Yet to misquote Leon Trotsky, even if China isn’t interested in becoming a superpower, superpower may be interested in it. The U.S., too, began its journey on the world stage determined not to replicate earlier colonial empires. Today, 11 carrier groups and a network of military bases span the globe to protect its interests.
Beijing’s crackdown on free speech and other social liberties doesn’t suggest a self-confident regime. A budding trade war with the U.S. has helped shave about 20 percent off Chinese equities since January, triggering a domestic debate over whether Xi has already overreached by bidding so openly to challenge the U.S.
Consider, too, that the average Chinese remains less wealthy than the average Mexican at a time when the population is already starting to age. Some investors wonder about the health of big Chinese banks, whose lending for decades provided the investment-led growth on which the party relies for its legitimacy. If this is a superpower in the making, it may be a fragile one.
August 27th 2018
A few months ago, Xi Jinping seemed unstoppable. He’d just abolished presidential term limits and announced the most sweeping government overhaul in decades. Having hosted Donald Trump for a successful visit in November, Xi seemed to have prevented a trade war with the U.S. Party propagandists were distributing hagiographic accounts of the newly anointed leader for life.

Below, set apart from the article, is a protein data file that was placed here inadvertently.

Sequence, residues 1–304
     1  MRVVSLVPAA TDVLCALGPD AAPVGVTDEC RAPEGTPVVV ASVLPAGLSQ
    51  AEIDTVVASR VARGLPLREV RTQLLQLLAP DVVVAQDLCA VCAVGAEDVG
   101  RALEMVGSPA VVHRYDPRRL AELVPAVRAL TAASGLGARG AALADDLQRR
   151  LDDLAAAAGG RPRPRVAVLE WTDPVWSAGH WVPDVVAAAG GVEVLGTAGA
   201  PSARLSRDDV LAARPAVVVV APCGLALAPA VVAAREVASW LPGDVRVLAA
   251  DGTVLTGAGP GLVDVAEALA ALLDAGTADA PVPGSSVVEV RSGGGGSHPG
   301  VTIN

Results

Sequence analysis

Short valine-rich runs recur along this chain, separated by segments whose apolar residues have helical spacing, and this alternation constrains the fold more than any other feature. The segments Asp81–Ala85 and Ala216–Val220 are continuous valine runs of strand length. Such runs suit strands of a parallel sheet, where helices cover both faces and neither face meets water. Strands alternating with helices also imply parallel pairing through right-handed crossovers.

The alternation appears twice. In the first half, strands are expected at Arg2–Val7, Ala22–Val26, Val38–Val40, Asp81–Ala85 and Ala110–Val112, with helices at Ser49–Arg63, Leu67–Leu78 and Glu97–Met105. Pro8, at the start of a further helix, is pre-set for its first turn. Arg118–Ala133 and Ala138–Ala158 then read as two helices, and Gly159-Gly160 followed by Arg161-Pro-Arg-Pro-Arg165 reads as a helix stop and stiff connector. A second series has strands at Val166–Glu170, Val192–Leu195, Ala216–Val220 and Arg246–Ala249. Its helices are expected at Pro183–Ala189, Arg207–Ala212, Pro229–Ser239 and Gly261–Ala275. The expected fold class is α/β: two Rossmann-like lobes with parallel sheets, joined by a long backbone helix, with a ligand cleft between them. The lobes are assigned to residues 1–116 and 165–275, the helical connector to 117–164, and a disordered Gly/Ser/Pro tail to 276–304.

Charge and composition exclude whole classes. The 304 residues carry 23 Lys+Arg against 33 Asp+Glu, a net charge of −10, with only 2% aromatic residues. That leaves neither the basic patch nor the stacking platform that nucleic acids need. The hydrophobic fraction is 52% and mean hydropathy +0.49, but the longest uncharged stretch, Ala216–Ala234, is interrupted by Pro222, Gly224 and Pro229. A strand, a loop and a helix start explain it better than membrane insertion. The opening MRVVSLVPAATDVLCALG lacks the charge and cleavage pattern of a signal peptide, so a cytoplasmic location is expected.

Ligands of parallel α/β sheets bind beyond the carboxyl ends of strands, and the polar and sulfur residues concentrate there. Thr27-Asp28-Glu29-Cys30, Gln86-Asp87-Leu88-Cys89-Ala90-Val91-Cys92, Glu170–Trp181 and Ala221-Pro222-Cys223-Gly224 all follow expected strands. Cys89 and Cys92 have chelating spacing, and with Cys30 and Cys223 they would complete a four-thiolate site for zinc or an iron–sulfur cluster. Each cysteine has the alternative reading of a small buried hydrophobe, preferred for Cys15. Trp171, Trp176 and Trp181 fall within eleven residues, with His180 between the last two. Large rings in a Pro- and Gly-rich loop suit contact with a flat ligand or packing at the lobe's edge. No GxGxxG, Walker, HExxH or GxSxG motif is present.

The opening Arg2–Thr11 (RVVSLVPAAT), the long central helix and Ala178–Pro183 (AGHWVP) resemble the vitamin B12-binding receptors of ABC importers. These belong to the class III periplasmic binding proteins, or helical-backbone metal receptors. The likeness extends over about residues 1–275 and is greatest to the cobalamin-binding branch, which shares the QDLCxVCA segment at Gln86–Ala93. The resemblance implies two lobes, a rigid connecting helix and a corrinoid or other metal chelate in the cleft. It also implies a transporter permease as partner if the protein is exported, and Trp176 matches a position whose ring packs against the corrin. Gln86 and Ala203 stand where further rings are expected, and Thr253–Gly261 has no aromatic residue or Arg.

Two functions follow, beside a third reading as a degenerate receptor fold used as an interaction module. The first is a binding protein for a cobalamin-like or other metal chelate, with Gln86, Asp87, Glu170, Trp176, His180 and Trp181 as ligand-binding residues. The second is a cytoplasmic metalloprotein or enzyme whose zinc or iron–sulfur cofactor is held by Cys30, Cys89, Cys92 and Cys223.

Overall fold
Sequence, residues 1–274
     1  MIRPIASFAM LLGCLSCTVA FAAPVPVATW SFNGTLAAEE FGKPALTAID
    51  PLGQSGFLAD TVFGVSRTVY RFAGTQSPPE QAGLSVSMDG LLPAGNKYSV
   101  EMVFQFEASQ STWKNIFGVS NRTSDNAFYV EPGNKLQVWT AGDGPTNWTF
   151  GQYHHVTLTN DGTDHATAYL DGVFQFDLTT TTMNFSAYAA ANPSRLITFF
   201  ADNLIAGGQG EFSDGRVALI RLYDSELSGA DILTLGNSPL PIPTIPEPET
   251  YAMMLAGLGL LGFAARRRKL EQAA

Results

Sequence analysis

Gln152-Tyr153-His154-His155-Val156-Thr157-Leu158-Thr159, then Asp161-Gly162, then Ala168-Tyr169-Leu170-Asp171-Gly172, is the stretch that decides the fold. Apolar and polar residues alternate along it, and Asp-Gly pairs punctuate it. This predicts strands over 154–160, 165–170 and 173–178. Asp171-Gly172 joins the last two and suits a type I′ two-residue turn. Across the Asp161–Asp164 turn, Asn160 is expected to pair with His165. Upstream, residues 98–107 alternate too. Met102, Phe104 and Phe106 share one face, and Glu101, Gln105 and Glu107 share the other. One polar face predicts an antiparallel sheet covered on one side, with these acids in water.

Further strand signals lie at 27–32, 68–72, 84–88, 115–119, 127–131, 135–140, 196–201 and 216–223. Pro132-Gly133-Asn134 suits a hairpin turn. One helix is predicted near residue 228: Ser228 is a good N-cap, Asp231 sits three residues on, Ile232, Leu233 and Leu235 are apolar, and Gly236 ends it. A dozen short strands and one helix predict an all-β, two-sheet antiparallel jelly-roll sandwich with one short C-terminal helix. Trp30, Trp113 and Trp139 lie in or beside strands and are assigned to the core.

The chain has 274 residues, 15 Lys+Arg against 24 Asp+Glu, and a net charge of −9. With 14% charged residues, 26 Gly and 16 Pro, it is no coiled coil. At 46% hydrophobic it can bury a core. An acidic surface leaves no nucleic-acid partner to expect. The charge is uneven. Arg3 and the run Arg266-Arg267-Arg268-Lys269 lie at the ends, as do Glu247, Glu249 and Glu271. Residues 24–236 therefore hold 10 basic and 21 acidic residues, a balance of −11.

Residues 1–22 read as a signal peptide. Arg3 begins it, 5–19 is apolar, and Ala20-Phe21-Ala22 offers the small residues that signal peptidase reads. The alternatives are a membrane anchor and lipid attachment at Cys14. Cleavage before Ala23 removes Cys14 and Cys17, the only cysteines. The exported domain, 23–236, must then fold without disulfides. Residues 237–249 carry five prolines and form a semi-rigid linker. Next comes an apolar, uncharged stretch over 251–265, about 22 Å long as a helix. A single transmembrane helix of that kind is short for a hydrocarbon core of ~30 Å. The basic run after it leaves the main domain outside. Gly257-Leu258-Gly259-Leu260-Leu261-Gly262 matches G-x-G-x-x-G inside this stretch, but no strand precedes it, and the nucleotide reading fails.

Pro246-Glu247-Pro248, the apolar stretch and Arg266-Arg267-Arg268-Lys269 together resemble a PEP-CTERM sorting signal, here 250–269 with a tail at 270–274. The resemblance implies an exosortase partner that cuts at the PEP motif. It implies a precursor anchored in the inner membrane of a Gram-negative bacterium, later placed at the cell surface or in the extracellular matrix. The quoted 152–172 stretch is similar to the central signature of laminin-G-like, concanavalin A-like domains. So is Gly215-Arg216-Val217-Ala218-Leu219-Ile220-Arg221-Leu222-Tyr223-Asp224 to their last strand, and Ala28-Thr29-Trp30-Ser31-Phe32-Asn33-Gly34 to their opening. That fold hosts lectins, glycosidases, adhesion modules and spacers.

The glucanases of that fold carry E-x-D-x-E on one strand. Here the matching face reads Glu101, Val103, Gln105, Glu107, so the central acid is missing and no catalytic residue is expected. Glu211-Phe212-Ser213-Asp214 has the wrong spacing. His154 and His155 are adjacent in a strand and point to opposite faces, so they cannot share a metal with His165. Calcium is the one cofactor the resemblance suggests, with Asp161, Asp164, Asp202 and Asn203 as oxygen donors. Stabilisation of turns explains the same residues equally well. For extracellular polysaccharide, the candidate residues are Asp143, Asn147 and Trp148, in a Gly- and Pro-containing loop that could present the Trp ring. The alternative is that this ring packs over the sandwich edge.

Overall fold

Today, China’s president looks like he may have overreached. An economic slowdown, a tanking stock market, and an infant-vaccine scandal are all feeding domestic discontent, while abroad, in Western capitals and financial centers, there’s a growing wariness of Chinese ambitions. And then there is the escalating trade war with the U.S. China initially refused to believe it would happen, but in the past few weeks it’s become the prism through which Xi’s perceived failings are best projected.
August 7th 2018
China's congress scrapped presidential term limits from the constitution, a move that sets up President Xi Jinping to rule indefinitely and a sign it is returning to a one-man rule system.
March 27th 2018
Where does happiness come from? The answer given by President Xi Jinping must be encouraging to those who work hard.
"I feel the millions of ordinary Chinese are the greatest, and I also feel that happiness is achieved through hard work," Xi, also general secretary of the Communist Party of China Central Committee, said.
Xi's words, from his New Year's address delivered on Dec 31, quickly gained popularity nationwide, and "happiness is achieved through hard work" has been a buzzword among the Chinese people ever since.
May 2nd 2018